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Chris Meier

Software Developer and Co-founder of FoodChain

The Personal Healthcare Startup Paradox

I attended a panel discussion back in October at Science 2015 that was held at the University of Pittsburgh called What’s App with Mobile Health Care?. The focus was on personal healthcare startups. They had a range of speakers that spanned multiple topics. There was a talk about how to make your app successful and what to expect from user turnover. Founders of healthcare startups were also present to talk about their experiences. It was an amazing discussion that covered everything from regulations to making the biggest difference in your users’ lives. However, the was one thing that stuck out to me. The panelists called it the “Personal Healthcare Startup Paradox.” This paradox states that the people who will benefit the most from your product won’t be the ones using it.

It hit me that this was one of the biggest problems faced in society today and solving it could really change the world. It strikes me as interesting that we have so many products that could improve the health of at-risk people, but the only people buying them are ones who are already health conscious. They are most likely healthy already and these products may not necessarily impact their life in a big way. So how do we change the lifestyle of an obese person so they can spend more time with their family and play with their kids? How do we get a patient with a chronic condition to take their medication everyday? There were a few ideas kicked around, but ultimately it can’t be done unless we put telescreens in everyone’s house. I will highlight a few solutions that are a step in the right direction.


This was the first, and simplest approach suggested. Gamification has been know to engage users and and keep them using your product. This is particularly sensible for patients who need to take medicine for chronic conditions. They can earn points or in-app currency every time they take their medication and exchange them for rewards. A patient’s progress can be tracked and presented to their healthcare provider. No longer will a patient have to remember how much of their medication they took or even worse, lie about taking their medication. The app can also send reminders to users that they need to take their medicine. When a user doesn’t take their daily dosage, the app can ask them questions. What changed? How are you feeling? This information can be used to make decisions such as getting a patient to a hospital for treatment.

Social Media Integration

Gamification alone is great for tasks such as getting a user to take their medicine. However, this is a very private aspect of a user’s life. But what about lifestyle changes, such as exercising? Gamification is still a fantastic approach, and pairing it with social media sharing creates a powerful combination. It is known that people love to share positive things from their lives with their friends, who in turn will give them positive feedback and reinforcement. Receiving likes from all of your friends for the two miles you ran today can keep users motivated and accountable. A user can also track their personal success by setting goals and being rewarded for accomplishing them. Both of these can lead to positive lifestyle changes and improve personal health.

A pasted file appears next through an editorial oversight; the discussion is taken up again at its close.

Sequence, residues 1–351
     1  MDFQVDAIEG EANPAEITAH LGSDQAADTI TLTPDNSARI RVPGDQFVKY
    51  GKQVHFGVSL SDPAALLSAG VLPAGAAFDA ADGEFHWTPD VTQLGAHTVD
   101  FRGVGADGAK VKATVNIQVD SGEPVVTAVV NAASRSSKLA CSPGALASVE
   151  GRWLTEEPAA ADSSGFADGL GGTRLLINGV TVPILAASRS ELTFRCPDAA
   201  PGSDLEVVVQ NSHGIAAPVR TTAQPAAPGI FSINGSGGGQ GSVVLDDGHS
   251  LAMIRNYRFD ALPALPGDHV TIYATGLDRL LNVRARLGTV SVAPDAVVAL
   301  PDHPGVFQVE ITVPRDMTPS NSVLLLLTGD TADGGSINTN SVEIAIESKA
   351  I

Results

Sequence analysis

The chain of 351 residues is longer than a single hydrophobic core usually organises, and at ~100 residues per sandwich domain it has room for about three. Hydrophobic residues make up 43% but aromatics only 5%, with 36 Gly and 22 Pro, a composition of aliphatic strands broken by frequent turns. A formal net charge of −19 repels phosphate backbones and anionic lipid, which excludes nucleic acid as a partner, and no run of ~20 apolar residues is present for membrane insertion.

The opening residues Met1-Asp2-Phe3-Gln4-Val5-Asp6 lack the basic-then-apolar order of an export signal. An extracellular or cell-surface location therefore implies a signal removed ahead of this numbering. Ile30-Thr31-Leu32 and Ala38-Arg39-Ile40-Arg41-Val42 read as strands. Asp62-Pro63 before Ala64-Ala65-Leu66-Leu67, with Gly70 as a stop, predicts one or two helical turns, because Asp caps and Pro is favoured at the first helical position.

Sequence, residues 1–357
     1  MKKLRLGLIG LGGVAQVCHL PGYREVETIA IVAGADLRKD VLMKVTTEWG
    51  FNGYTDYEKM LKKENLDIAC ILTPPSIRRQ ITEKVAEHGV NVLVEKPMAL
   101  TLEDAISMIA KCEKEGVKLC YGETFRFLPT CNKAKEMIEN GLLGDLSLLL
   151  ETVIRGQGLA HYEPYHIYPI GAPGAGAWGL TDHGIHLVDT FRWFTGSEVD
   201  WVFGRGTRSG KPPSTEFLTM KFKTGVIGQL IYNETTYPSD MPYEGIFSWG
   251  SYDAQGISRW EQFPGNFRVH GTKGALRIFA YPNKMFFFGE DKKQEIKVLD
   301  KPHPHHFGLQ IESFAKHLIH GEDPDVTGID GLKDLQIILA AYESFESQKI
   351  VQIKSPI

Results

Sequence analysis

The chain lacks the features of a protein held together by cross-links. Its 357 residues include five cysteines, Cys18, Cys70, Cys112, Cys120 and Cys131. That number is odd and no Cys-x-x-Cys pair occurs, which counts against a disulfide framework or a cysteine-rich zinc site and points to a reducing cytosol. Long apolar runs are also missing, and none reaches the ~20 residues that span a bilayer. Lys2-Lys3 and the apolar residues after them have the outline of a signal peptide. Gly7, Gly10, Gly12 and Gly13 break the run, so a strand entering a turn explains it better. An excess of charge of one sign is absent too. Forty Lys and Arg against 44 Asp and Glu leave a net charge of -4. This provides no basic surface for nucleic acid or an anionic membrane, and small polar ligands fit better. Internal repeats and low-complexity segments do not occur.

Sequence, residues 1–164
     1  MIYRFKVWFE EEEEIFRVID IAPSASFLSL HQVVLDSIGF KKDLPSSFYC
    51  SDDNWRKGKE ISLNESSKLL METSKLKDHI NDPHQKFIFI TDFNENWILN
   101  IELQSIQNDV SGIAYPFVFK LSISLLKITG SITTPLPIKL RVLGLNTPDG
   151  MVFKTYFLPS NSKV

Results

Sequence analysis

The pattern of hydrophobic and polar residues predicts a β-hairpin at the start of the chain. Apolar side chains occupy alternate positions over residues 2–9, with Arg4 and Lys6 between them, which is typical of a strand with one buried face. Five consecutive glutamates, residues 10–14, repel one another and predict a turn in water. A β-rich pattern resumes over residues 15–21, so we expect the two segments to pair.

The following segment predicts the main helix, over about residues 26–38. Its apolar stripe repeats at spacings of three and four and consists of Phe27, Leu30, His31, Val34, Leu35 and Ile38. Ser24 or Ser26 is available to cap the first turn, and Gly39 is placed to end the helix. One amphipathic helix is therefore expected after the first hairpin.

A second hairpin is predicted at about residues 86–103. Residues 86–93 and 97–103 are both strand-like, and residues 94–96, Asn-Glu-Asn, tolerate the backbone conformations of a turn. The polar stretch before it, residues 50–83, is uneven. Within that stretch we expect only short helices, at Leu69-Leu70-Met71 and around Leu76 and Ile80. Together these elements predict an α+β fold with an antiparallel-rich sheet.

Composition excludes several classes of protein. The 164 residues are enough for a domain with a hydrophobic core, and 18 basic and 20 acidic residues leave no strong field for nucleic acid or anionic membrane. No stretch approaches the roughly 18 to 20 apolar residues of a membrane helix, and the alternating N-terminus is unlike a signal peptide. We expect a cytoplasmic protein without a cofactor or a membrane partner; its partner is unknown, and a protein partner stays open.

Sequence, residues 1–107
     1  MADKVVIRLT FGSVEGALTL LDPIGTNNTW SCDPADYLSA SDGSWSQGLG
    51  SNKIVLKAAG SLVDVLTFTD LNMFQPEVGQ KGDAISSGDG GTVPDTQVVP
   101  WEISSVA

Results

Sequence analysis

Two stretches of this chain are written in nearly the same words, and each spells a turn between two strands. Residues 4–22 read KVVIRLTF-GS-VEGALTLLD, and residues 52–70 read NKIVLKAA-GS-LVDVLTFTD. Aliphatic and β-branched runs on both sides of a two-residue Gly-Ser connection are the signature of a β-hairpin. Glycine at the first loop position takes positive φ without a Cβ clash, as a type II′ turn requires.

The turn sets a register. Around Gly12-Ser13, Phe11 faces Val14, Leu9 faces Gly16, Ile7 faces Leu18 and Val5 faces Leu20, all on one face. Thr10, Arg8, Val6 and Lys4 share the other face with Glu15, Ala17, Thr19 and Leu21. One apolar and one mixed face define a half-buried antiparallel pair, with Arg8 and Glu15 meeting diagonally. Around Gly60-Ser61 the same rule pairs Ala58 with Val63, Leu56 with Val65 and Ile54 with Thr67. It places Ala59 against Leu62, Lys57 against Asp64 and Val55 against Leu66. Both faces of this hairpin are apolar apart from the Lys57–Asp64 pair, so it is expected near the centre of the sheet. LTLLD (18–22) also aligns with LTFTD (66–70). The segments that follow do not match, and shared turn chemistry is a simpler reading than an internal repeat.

Reactive Approach

The above solutions follow more of a proactive approach. They are designed to create change so adverse health events don’t happen. But if that doesn’t work, a reactive approach must be taken. An audience member ask about this problem at a recent tech talk by TeleTracking. If the patient doesn’t care, how do you help them? Their solution was really the only option available. It was to get the patient the cheapest, quickest care possible to at least give them a chance. This may include something like integrating with a patient’s calendar and calling them an Uber or Lyft ride to take them to their doctor’s appointment. Or if an adverse event occurs, a rideshare service can be called to take them to the nearest clinic to receive treatment. While not ideal, this approach can still save someone’s life.

The “Healthcare Startup Paradox” is definitely an interesting problem. Success in this space can mean different things, and right now they are polar opposites. Do I earn money or change the lives of people who actually need it? It’s a problem that can hopefully be solved. The above are just minimal solutions that have limited effects. A solution to this paradox, not consensus protocols, will truly change the world.